In February of 2016 the City decided to develop the land in and around the former Water’s Edge Restaurant on 44th Drive by the East River. Given the prospective zoning variance the city was offering, a pair of 60-story towers were possible on this choice piece of property1, so the proposed project is massive. RFP’s from developers were due that May and were required to include a new school, some affordable housing, and a few other stipulations most notably a set aside for light manufacturing.
After submission the proposals would be reviewed by the NYCEDC (Economic Development Corp) and I was under the belief that shortly after the New Year they would pick 2-3 of those they deem viable for a bake-off, during which time there would be some community review and recommendations and then a winner would be chosen. Now I’m hearing grumblings that the city is going to bypass the middle step and just render a final decision.
Which is really a shame because in addition to ignoring those who are in the best position to determine local needs, it will also completely cut-off the possibility of what could be a fully integrated grand master plan for the entire northern riverfront section of Long Island City. The most obvious piece of this puzzle, the large lot just north of the Water’s Edge, is already ‘in-play,’ and the group controlling it has submitted a proposal incorporating this piece of land. This group had previously been shopping a plan just for their property that would have included a pedestrian bridge to the Cornell Technion campus on Roosevelt Island.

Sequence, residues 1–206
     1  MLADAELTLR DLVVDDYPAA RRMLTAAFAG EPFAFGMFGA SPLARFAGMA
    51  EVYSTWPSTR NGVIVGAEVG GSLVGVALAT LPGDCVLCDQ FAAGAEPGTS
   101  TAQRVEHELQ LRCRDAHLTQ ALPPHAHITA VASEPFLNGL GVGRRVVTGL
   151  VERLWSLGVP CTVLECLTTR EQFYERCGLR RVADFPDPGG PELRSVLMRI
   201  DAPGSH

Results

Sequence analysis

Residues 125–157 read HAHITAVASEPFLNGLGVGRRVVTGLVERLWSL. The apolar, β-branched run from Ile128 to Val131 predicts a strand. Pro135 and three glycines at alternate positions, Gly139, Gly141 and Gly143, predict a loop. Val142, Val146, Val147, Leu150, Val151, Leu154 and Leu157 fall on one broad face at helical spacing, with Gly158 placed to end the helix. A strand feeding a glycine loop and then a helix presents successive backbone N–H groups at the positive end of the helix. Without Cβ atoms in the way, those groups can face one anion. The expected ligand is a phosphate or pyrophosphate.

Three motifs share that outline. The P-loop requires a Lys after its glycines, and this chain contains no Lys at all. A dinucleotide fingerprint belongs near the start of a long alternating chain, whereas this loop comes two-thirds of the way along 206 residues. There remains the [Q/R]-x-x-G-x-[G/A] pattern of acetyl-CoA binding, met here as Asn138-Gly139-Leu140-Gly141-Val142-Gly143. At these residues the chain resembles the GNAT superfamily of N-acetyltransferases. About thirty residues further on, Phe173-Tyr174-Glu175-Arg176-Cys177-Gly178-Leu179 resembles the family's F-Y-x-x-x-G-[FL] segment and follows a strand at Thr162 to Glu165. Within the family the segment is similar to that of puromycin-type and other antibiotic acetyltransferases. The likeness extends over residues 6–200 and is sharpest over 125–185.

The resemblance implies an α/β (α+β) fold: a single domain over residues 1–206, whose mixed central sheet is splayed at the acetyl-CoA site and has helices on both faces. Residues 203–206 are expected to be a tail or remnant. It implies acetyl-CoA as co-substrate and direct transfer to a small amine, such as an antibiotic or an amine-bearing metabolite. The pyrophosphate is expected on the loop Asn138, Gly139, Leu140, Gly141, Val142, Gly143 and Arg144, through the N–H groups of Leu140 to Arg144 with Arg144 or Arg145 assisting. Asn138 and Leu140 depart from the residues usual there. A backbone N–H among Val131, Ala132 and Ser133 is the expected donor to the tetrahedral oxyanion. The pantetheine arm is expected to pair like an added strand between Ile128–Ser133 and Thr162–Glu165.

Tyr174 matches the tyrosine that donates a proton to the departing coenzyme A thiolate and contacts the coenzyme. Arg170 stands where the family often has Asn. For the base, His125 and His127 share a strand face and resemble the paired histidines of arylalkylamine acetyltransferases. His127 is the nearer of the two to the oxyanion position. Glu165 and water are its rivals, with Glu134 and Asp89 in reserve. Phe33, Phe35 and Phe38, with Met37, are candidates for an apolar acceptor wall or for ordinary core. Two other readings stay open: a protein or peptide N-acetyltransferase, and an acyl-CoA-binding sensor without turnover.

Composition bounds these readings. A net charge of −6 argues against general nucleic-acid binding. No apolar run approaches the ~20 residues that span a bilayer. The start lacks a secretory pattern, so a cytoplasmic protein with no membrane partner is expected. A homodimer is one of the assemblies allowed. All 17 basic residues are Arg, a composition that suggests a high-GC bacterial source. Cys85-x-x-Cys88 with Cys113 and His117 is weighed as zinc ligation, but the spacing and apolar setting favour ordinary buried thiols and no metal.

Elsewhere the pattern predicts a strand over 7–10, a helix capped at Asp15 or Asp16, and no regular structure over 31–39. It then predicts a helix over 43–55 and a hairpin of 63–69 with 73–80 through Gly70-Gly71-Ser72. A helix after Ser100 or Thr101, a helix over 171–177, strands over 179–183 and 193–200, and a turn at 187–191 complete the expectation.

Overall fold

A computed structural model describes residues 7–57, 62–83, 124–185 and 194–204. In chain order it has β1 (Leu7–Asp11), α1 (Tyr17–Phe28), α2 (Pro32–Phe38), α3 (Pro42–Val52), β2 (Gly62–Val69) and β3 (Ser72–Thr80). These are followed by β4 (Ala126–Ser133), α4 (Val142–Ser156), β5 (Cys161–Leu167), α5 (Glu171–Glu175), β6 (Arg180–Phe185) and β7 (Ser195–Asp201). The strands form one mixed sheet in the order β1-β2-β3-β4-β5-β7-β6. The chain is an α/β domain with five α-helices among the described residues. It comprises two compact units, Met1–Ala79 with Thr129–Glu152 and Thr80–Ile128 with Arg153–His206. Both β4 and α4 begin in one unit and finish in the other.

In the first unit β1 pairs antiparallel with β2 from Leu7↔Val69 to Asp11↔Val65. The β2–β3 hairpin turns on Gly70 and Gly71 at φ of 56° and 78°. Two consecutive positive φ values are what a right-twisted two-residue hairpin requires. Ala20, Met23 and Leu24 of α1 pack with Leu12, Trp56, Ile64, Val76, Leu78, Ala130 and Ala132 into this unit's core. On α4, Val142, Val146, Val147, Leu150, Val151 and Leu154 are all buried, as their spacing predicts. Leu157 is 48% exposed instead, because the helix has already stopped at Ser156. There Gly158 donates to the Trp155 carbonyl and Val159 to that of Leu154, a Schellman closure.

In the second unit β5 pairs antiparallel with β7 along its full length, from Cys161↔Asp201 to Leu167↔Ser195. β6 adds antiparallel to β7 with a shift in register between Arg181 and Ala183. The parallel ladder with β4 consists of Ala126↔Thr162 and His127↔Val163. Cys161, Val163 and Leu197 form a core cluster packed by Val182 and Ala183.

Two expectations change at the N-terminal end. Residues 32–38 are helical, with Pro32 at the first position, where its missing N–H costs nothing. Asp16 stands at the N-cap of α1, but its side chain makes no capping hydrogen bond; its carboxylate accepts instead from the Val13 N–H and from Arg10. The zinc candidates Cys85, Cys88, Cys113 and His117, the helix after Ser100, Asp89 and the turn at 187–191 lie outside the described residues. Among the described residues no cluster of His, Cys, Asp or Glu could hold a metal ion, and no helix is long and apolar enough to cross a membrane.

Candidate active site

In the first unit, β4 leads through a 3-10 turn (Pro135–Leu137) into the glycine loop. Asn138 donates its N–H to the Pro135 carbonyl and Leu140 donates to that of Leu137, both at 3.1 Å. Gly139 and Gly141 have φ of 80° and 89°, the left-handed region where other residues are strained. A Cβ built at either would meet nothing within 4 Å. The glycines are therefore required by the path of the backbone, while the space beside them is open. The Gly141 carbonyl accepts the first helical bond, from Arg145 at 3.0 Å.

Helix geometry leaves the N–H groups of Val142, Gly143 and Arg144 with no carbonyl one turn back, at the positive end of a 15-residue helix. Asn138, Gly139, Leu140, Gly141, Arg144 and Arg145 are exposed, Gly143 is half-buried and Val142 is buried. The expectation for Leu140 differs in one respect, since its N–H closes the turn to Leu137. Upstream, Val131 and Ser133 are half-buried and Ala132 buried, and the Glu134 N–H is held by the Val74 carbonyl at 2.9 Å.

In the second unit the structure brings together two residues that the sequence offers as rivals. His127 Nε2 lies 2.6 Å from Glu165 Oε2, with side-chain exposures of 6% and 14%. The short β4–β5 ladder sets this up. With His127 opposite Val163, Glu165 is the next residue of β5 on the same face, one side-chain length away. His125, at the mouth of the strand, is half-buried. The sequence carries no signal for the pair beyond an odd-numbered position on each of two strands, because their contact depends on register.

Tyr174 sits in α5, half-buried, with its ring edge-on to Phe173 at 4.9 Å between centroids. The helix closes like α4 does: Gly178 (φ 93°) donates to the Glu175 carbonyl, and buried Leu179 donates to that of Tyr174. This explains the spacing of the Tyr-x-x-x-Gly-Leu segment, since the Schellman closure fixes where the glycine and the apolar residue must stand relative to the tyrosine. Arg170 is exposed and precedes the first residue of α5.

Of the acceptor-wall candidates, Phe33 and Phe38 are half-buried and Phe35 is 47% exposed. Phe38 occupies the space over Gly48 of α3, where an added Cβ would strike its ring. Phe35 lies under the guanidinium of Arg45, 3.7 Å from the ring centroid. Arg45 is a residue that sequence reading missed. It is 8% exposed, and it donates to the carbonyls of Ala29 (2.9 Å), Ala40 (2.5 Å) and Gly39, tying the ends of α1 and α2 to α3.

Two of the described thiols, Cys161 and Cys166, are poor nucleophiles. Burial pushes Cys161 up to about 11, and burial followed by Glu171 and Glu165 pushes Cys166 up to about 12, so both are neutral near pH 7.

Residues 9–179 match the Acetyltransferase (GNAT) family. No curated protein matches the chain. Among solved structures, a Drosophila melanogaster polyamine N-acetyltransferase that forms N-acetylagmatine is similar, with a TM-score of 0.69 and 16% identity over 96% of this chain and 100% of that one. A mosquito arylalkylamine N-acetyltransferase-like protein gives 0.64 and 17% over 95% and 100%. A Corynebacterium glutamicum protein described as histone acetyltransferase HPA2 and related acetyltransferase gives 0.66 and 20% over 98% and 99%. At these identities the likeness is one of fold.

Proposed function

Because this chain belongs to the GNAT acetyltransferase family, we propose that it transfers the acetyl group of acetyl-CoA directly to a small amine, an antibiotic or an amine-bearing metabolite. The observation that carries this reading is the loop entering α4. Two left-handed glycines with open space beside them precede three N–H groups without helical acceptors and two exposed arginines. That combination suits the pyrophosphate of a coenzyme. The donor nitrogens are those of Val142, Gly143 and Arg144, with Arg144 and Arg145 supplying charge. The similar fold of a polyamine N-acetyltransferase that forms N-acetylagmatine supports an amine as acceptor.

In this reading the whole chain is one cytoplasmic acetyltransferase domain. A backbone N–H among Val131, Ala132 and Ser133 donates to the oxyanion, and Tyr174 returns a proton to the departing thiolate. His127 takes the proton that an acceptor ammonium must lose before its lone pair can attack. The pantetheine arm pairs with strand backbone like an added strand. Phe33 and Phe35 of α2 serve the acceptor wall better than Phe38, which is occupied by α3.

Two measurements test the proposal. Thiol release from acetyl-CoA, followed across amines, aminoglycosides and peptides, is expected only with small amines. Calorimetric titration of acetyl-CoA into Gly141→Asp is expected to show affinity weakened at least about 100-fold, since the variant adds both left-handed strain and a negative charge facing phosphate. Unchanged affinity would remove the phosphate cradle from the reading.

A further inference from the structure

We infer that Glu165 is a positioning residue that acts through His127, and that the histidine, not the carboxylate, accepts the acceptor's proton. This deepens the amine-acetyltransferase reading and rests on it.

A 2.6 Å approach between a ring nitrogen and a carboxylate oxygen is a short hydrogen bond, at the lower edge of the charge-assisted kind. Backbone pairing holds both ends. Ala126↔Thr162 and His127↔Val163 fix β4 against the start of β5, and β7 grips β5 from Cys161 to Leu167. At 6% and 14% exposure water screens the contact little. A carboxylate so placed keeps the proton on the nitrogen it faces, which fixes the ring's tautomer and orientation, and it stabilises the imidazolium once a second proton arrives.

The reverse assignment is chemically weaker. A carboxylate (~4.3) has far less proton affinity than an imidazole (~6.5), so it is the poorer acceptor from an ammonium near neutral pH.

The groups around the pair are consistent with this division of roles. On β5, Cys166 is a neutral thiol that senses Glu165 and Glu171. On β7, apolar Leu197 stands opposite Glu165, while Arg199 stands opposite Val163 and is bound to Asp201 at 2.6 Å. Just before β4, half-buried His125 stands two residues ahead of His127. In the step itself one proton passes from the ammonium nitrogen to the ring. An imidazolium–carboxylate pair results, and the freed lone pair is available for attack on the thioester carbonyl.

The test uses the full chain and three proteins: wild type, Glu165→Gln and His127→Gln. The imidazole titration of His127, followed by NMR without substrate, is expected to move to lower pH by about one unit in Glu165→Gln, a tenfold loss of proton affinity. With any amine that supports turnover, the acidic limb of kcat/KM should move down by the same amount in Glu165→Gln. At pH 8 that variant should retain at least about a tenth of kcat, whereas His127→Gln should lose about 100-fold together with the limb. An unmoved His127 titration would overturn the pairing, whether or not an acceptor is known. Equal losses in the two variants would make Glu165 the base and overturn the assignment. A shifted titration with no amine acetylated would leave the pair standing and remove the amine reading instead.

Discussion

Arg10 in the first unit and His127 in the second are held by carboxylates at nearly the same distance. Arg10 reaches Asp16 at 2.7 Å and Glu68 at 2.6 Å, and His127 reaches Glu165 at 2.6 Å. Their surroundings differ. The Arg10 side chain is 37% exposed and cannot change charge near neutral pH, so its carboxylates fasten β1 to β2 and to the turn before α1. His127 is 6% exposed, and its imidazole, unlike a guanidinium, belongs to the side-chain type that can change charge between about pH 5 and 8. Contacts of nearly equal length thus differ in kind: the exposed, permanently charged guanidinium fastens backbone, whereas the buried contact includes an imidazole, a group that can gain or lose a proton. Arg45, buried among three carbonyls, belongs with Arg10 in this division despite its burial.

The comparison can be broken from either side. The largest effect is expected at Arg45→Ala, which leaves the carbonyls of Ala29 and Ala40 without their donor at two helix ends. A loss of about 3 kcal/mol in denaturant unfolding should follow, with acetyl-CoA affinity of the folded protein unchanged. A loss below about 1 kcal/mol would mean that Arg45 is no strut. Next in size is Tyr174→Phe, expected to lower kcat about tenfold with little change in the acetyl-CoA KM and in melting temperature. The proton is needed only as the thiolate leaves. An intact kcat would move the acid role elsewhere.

I don’t know anything about the rest of their plan, but that bridge alone might be worth its weight in gold to Long Island City. As an interested resident I would very much want to see how their plan stacks up to whatever other proposals the NYCEDC chooses.
Another interesting question, is did Plaxall submit a proposal? Similar to the ‘bridge’ developer above, they could incorporate their holdings just south of Water’s Edge into a plan and provide a link between Center Boulevard and the rest of the RFP site.
Needless to say, both of these ‘lot’ owners should naturally be viewed as incumbents to win this proposal given the economies of scale and the flexibility to submit a more optimal plan. Or the city could skip the bake-off period and just hand it to another developer without any discussion.
//CONTINUING our coverage of big business in Long Island City, we’d like to note the following big stories currently circulating. First, Blue Apron, which was started in 2012 by three guys working out of LIC, is going public next week and hoping to raise over half a billion dollars. Secondly, the Ravenswood Generating Plant on Vernon Boulevard has been sold. Affectionately known as ‘Big Allis,’ it’s red and white smokestacks are easily viewable from many locations in northern LIC. Finally, following up on the Altice HQ’s story in our last post, Crain’s is reporting that they’ll be moving into the Citi Building.